University of South Florida

Public Health’s summer commencement features oldest grad, first DrPH degree

Hot temperatures and fewer graduates tend to make summer commencements a little subdued.

But, not at the USF College of Public Health.

This summer’s class of 164 undergraduate, master’s and doctoral students includes the university’s oldest graduate for August commencement and the first person to earn a doctor of public health (DrPH) degree.   Since 1992, nearly 200 students have graduated from the college with PhDs, an academic degree providing indepth training in a focused area of research, like toxicology or epidemiology. The college’s newly developed professional DrPH degree offers indepth training in public health practice and leadership.

Rosalie Van Skyhawk_RSS

Rosalie Van Skyhawk, MPH

For Rosalie Van Skyhawk, 64, the introduction to higher education came later in life. In 2008, she earned a bachelor’s degree in human development from Eckerd College. Determined to press on with her academic endeavors, she turned to the University of South Florida for graduate studies. Earning a MPH degree with a concentration in global health practice, she will be the oldest graduate recognized at USF’s August commencement.

“Public Health is so diversified.  Anyone can find a good fit somewhere and contribute in multiple ways,” said the St. Albans, Vermont native.

Rosalie’s good fit came by way of the Department of Global Heath. As a graduate student, she was able to “learn about our planet, locate the areas of concern which call to us, and to find ways to contribute.”

Fascinated by Latin America, Rosalie spent eight weeks interning in Panama earlier this summer. Placed with the Ciudad del Saber (City of Knowledge) in Panama City, she researched intimate partner violence and identified resources for support and education, studied HPV education and prevention programs for women and men, and explored a personal interest learning different approaches to end-of-life-care in Panama.

In an ideal world, Rosalie works training the trainers and there’s universal education and health care for men and women. Until that happens, she’ll practice her passion in aging studies.

Reflecting back on her tenure at the college, she recalls, “There was a lot of studying.  But, I made sure to carve out time for friends and baseball. Music, reading, and walking were my therapy and got me through more challenges than I can count!”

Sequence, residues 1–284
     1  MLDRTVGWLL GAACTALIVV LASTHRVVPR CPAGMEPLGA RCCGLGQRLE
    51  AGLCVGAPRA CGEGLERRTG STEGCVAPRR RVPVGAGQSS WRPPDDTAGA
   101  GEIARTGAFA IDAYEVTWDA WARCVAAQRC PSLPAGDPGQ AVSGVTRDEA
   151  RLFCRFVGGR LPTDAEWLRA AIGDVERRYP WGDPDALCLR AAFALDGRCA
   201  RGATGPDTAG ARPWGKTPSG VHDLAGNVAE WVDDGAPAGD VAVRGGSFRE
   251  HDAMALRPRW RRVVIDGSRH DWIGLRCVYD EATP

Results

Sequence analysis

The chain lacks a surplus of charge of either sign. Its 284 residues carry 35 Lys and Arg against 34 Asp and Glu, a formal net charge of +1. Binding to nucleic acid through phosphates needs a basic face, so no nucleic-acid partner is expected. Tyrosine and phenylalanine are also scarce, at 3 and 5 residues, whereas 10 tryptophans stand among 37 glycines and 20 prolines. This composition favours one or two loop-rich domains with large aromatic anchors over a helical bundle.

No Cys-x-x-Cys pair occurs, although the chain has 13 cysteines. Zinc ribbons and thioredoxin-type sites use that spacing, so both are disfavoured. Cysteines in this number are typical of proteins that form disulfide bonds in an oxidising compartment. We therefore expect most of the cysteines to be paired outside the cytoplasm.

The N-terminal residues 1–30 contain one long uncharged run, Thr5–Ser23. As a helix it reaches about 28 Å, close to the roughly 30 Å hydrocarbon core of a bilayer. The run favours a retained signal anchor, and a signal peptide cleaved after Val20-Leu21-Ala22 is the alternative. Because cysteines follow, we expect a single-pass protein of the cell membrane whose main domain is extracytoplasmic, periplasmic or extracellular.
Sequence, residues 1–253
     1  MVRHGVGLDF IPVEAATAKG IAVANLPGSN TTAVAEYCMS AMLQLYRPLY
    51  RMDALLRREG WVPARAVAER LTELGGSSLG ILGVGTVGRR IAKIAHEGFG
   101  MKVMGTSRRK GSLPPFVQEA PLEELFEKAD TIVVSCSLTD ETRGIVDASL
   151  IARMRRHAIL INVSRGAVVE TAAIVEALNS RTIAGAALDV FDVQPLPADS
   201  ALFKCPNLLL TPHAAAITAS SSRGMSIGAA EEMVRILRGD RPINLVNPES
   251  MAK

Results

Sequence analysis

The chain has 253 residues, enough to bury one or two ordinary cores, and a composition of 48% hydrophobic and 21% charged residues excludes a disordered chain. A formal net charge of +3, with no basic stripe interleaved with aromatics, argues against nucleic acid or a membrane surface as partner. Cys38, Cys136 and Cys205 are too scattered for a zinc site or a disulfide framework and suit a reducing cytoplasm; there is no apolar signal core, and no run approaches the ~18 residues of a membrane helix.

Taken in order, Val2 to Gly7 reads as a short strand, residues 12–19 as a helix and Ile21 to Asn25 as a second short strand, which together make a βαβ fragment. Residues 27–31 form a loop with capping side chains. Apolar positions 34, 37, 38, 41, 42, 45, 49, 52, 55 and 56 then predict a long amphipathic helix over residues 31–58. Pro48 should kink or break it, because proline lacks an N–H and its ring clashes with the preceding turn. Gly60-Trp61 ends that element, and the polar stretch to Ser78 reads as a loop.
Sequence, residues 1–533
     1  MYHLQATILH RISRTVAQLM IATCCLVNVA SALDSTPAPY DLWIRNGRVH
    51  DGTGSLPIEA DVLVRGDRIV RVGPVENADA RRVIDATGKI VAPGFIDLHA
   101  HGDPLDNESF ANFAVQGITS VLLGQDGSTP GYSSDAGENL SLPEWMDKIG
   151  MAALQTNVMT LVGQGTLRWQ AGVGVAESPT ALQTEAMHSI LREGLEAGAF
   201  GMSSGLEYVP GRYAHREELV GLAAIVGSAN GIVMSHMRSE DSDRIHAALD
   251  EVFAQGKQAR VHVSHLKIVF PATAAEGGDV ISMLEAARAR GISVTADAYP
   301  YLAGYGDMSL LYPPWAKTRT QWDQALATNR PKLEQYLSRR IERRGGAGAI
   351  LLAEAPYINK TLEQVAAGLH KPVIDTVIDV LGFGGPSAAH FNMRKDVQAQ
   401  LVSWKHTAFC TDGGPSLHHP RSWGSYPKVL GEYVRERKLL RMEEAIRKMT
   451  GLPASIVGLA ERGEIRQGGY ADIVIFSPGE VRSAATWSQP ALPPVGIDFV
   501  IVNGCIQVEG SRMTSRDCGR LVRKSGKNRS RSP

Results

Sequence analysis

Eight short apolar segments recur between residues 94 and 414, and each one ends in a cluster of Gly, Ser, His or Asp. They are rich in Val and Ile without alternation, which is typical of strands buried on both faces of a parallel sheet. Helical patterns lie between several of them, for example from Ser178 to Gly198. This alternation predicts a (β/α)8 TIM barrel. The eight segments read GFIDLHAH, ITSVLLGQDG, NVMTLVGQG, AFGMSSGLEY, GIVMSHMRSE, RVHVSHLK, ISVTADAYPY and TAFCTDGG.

“I have made real friends here and have found a path,” she said.

Nicole Johnson_Commencement_RSS

                                                                           Nicole Johnson, DrPH

While earning the inaugural DrPH degree at the USF College of Public Health, Nicole Johnson, executive director of the Bringing Science Home program at USF Health, continued to work full time as a highly visible role model and advocate for people living with Type 1 diabetes.  Diagnosed with Type 1 diabetes at age 19, Johnson earned her undergraduate degree in English and religion and won Miss America 1999.

“I was incredibly pressed for time and concentration, but it was possible. If I could do this, anyone can,” Johnson said of when asked about the challenges of earning a doctorate degree.  Her doctoral dissertation was titled “Parent Distress in Life with a Child with Type 1 Diabetes.”

“The rich knowledge I gained from the advanced public health education at USF will further empower my work helping families and communities cope better, live better and learn more about life with chronic illness,” she added.

Johnson says she plans to continue leading Bringing Science Home, managing the  multi-million dollar research portfolio of a unique program that helps educate and empower those with chronic disease, such as diabetes. She will also serve on the Executive Committee of the Juvenile Diabetes Research Foundation International Board of Directors.  In 2014, she will collaborate with the American Association of Diabetes Educators to create a national transition program and book intended to help educators form positive relationships with young adults with Type 1 diabetes.

-Anne DeLotto Baier, USF Health Communications, contributed to this report.


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